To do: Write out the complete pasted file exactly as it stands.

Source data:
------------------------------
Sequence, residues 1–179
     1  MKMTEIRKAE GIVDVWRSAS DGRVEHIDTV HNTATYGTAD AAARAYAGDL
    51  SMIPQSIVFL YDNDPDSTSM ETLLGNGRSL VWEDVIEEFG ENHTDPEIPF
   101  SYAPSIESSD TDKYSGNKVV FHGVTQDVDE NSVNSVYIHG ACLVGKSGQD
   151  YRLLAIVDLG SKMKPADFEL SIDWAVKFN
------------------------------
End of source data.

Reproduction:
Sequence, residues 1–179
     1  MKMTEIRKAE GIVDVWRSAS DGRVEHIDTV HNTATYGTAD AAARAYAGDL
    51  SMIPQSIVFL YDNDPDSTSM ETLLGNGRSL VWEDVIEEFG ENHTDPEIPF
   101  SYAPSIESSD TDKYSGNKVV FHGVTQDVDE NSVNSVYIHG ACLVGKSGQD
   151  YRLLAIVDLG SKMKPADFEL SIDWAVKFN